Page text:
Saturday, January 31, 2015

3rd Annual SFR Galaxy Awards: Round Four by Marlene Harris



Best Dystopian Worldbuilding Award
Magic Born series by Sonya Clark
Trancehack (2013), Witchlight (2014), Firewall (2014)



To get the full effect, and because it’s way more fun this way, you need to start with the first book in this series, Trancehack, which was published in 2013. 

This series has some really awesome dystopian worldbuilding that resonates both with some of the less savory parts of history and with modern-day politics. Throw in three completely different but equally well-done romances and this near-future series becomes marvelous SFR that sweeps you up in the romance and makes you think about the way the world works. Not just our world, but theirs.
If people started being born with “magic” talent, what would happen? Katherine Kurtz said it best, “the humans kill what they do not understand” and it rings true in this series. In many countries, the majority non-magic users embrace the talented, admittedly with some bumps in the road. In the US, the religious fanatics take control, locking the magic born up in ghettos and making the US a world pariah. Economic sanctions, and economic depression, inevitably follow. But the Magic Born series isn’t about how bad things are, it’s about solving the problem.

First we have a cop who falls in love with a magic user, and is willing to give up his badge and his future to keep her and her people safe. Then we have a politician who has been passing all her life, discover that she can no longer keep her secret in the face of a new round of repression. And last, but certainly not least, we have a former collaborator becoming the ringleader of a group of social media hacktivists who finally break the government/corporate firewall and get the word out. Their stories, and their loves, make their universe change in a way that will make readers stand up and cheer for the good guys. And the happy endings will warm your heart.

Best Superhero Origin Series
The Phoenix Institute by Corrina Lawson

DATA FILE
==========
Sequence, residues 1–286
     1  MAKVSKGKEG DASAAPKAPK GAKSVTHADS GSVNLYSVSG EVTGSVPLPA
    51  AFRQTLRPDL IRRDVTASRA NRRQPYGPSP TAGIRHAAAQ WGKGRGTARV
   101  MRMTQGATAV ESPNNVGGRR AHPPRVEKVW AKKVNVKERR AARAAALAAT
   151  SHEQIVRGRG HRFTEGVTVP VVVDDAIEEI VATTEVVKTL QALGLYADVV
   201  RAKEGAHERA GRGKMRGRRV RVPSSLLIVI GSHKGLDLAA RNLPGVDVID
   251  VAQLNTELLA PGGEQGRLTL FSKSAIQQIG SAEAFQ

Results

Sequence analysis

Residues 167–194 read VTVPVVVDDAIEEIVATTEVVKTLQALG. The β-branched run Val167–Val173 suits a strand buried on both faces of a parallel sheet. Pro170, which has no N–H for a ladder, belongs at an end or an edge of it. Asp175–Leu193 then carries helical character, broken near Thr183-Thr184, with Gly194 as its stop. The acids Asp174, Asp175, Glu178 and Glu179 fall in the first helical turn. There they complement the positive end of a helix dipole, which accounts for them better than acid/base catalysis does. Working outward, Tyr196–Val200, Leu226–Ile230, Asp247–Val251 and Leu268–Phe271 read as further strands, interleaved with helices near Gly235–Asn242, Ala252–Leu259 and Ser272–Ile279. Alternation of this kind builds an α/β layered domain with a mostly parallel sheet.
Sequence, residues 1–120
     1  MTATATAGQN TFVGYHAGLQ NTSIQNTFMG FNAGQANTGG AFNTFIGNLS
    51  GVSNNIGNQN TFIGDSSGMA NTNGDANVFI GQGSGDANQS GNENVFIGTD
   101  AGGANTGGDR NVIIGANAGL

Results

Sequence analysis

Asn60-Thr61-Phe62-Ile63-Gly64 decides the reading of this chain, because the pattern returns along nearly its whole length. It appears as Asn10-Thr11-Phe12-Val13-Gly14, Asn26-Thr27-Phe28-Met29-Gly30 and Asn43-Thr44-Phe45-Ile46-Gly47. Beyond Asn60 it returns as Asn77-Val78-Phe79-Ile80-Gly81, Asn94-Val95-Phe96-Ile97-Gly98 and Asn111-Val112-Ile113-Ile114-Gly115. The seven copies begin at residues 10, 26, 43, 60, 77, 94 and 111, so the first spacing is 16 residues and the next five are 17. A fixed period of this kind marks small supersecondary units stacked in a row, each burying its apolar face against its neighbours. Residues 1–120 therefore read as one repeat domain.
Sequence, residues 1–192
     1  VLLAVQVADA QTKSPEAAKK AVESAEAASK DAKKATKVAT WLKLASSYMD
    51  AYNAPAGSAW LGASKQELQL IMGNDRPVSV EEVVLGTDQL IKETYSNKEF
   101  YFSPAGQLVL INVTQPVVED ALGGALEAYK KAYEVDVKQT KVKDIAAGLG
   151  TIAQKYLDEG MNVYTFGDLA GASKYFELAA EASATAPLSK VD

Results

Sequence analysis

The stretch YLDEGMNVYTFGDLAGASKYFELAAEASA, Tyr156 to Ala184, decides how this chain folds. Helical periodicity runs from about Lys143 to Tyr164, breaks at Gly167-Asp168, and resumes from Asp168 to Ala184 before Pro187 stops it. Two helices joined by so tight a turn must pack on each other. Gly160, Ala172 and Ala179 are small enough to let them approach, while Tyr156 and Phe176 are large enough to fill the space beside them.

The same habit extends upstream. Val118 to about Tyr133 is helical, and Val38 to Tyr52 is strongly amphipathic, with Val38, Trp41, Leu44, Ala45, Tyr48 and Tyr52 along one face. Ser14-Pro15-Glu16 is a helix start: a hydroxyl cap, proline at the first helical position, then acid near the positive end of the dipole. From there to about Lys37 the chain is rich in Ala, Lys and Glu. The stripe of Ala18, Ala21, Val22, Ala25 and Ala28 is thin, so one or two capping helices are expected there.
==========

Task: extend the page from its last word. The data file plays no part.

Phoenix Rising (2011) Luminous (2012) Phoenix Legacy (2012) Ghost Phoenix (2014) Ghosts of Christmas Past (2014)


This series is kind of an X-Men/Batman crossover, if everyone is not just gender-bent but also talent-switched. And even that Batman analogy requires that Batman’s gifts be more super and less obsessed-neurotic based. But still awesome.

The Phoenix Institute starts out as “The Resource” run by one of the very definitely bad guys. His mission is to find people born with super talents and train them to be super soldiers obedient to his every whim. His evil plan is foiled by supers that got away, aided and abetted by one of his own. If Professor Xavier was a firestarter married to a telepath, you get the Phoenix Institute. Pun is intended, the Phoenix Institute rises from the ashes of the Resource and reaches out to supers everywhere, while righting the very big wrongs perpetrated by its predecessor.

On the main series, we have a telepath who rescues the firestarter, and a self-healer who finds his way back to the woman he left behind, who just happens to be in a long line of charismatics. We end with an invisible woman who falls for her clean cop in a dirty city, and a teleporter thief who saves an immortal queen. The alternate history angle in Ghost Phoenix is surprisingly twisty and results in a happily ever after that may just really mean “ever after”. This is paranormal romance with a delightful superhero twist, made even better by continuing into 2015.

Best Use of a Cheesy Pen Name Or Best Not-Quite-New Author
Mandrake Company series by Ruby Lionsdrake
Mercenary Instinct; Trial and Temptation; The Assassin’s Salvation and The Ruins of Karzelek



Ruby Lionsdrake writes fantasy/steampunk as Lindsay Buroker, and her Emperor’s Edge series is absolutely fantastic, but not SFR. Quite.

However, when she decided to write unabashed SFR (and include more romance and sex) she decided to test out a new penname for her new endeavor, and Ruby Lionsdrake was born.

The Mandrake Company is a mercenary group headed by one Viktor Mandrake. He left the Galactic Conglomeration armed forces when they bombed his home planet out of existence. Other exiles from Grenavine joined him, and he became the captain and leader of a mercenary outfit that tries to be just a little bit more honorable than your usual run of space mercenaries while still making a profit and staying out of GalCom’s sights. So think of Mandrake’s company as being a bit like Firefly, if Mal had any kind of head for business. 

Mandrake captures a trio of women running a bioengineering firm on a fake bounty, and the owner of the company escapes repeatedly and manages to charm his socks off (along with everything else). As the series progresses, Ankari and her company of gut-bug researchers integrate themselves into the life of the ship, and find terrific romances with some of the men in Mandrake’s company. Starting, of course, with Ankari and Mandrake.